That's an irrelevant metric anyway. Nokia sells "a ton" of all kinds of phones all across the world, and no major manufacturer is more ill-equipped to compete in the current smartphone market.

    The point is HTC and Motorola are shipping millions and millions of devices per quarter, and they appear to be selling them as fast as they can make them. You can't really ask for much more than to be able to meet demand at the price you desire, with very little supply left over.

    You can easily find out how many smart phones Apple has sold each quarter and you get the info directly from Apple every quarter when they do their reports. Can you find the same info directly from HTC or Samsung of the amount of smart phones they sell each quarter?
    Uh, yes?

    Seriously, if HTC, Samsung, or Motorola were selling as many smart phones as so many pundits like to say, wouldn't they be screaming from the roof tops saying how well they have done compared to the iPhone? But, instead all we get is Google saying they are activating xxx amount of phones per day. That's just weak (smoke and mirrors). Just as bad as Amazon saying how Kindle is the best selling item on Amazon.com, but has never released any sales numbers.

    Look at this article:

    asymco | Android’s Pursuit of the Biggest Losers

    Looks to me like Apple is making the majority of the money in the smart phone market. As they usually do in the markets they compete in. Such as:



    To them still owning and making the majority of the profits in the MP3 market. To an awesome lead in the tablet market.

    So, those Android phones may start out at $199 for the consumer to buy on contract, but once they start setting around in the stock rooms not being sold they quickly drop in price or become free on contract, or maybe someone can explain why those charts in that web link above shows Apple with the majority of the money.

    As usual, Apple cares about how much money they make, not how many cheap items they can sell to the masses. If a lot of people buy Apple products, even more money for them.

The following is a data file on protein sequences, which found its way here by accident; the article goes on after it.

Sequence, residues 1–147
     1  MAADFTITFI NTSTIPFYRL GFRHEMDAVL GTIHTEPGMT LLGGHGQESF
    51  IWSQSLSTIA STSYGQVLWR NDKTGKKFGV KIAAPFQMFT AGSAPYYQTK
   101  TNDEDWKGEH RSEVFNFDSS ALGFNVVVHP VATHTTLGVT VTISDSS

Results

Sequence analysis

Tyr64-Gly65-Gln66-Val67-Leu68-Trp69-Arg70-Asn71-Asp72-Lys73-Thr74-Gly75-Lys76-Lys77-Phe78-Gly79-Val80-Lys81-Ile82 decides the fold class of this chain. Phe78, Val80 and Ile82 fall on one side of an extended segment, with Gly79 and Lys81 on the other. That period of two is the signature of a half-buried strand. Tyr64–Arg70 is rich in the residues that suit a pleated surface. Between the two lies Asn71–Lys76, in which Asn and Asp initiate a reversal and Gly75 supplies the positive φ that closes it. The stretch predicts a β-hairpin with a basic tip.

Great for Apple. No one is disputing that. But this portrayal that Android and its manufacturers are giving away phones and software (Android is free. Google apps and the Market being on your handset is not.) and not making money is just silly and easily disproven. Apple is a complete ecosystem of consumer electronics company, dealing in hardware, software and media/content. HTC and Motorola just make phones featuring a non-exclusive operating system shared by plenty of other phone makers. They're not matching Apple in sales, scale, profit and pop cultural impact?

    They're not trying to. Are we going to debate next how independent film studios should never be given awards or credibility since the entirety of their individual slates for 2009 combined didn't make as much as Avatar? Speaking of which, that film made the most money of a film ever, so it's the "bestest" too? Right?
    Last edited by mikah912; 08/31/2010 at 07:08 PM.
  10. #50  
    I don't get why you guys argue with this one. This guy is honestly the worst of the worst. This is honestly the biggest pile of crap ive read on the internet in forever. This kid has no credibility and obviously has a serious case of brand loyalty. The whole op is completely irrational and illogical, you are all wasting your time here.
  11. #51  
    Quote Originally Posted by SoFly View Post